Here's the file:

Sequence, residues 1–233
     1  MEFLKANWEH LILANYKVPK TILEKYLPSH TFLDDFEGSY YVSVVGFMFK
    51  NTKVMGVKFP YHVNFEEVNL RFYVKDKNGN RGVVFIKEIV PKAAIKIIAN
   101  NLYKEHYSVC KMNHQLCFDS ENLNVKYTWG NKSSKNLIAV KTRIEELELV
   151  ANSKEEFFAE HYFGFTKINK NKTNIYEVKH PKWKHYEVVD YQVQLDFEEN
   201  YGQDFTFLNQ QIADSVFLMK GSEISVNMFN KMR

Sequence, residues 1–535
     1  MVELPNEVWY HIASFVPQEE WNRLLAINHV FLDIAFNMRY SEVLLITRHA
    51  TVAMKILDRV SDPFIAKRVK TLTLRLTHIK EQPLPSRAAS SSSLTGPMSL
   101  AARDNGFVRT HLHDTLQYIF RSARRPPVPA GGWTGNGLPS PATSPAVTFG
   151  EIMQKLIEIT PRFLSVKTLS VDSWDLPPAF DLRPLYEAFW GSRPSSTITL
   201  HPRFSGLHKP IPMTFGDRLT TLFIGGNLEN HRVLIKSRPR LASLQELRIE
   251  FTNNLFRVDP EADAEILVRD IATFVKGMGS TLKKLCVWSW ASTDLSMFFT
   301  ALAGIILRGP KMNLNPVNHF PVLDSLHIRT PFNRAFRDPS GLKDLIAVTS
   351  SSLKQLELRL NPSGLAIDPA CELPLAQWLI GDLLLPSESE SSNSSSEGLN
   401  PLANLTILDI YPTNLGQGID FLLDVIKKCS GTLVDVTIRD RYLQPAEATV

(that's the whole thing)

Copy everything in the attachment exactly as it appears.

Sequence, residues 1–233
     1  MEFLKANWEH LILANYKVPK TILEKYLPSH TFLDDFEGSY YVSVVGFMFK
    51  NTKVMGVKFP YHVNFEEVNL RFYVKDKNGN RGVVFIKEIV PKAAIKIIAN
   101  NLYKEHYSVC KMNHQLCFDS ENLNVKYTWG NKSSKNLIAV KTRIEELELV
   151  ANSKEEFFAE HYFGFTKINK NKTNIYEVKH PKWKHYEVVD YQVQLDFEEN
   201  YGQDFTFLNQ QIADSVFLMK GSEISVNMFN KMR

Sequence, residues 1–535
     1  MVELPNEVWY HIASFVPQEE WNRLLAINHV FLDIAFNMRY SEVLLITRHA
    51  TVAMKILDRV SDPFIAKRVK TLTLRLTHIK EQPLPSRAAS SSSLTGPMSL
   101  AARDNGFVRT HLHDTLQYIF RSARRPPVPA GGWTGNGLPS PATSPAVTFG
   151  EIMQKLIEIT PRFLSVKTLS VDSWDLPPAF DLRPLYEAFW GSRPSSTITL
   201  HPRFSGLHKP IPMTFGDRLT TLFIGGNLEN HRVLIKSRPR LASLQELRIE
   251  FTNNLFRVDP EADAEILVRD IATFVKGMGS TLKKLCVWSW ASTDLSMFFT
   301  ALAGIILRGP KMNLNPVNHF PVLDSLHIRT PFNRAFRDPS GLKDLIAVTS
   351  SSLKQLELRL NPSGLAIDPA CELPLAQWLI GDLLLPSESE SSNSSSEGLN
   401  PLANLTILDI YPTNLGQGID FLLDVIKKCS GTLVDVTIRD RYLQPAEATV